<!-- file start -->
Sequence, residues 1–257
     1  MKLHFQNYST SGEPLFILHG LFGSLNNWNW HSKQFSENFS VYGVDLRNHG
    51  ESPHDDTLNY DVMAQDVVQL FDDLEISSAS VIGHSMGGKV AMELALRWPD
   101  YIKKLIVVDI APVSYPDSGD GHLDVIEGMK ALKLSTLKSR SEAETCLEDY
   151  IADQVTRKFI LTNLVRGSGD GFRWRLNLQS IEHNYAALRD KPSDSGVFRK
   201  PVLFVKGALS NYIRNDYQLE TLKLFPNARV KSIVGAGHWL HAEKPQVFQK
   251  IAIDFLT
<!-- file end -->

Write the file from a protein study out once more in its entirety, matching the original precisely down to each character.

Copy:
Sequence, residues 1–257
     1  MKLHFQNYST SGEPLFILHG LFGSLNNWNW HSKQFSENFS VYGVDLRNHG
    51  ESPHDDTLNY DVMAQDVVQL FDDLEISSAS VIGHSMGGKV AMELALRWPD
   101  YIKKLIVVDI APVSYPDSGD GHLDVIEGMK ALKLSTLKSR SEAETCLEDY
   151  IADQVTRKFI LTNLVRGSGD GFRWRLNLQS IEHNYAALRD KPSDSGVFRK
   201  PVLFVKGALS NYIRNDYQLE TLKLFPNARV KSIVGAGHWL HAEKPQVFQK
   251  IAIDFLT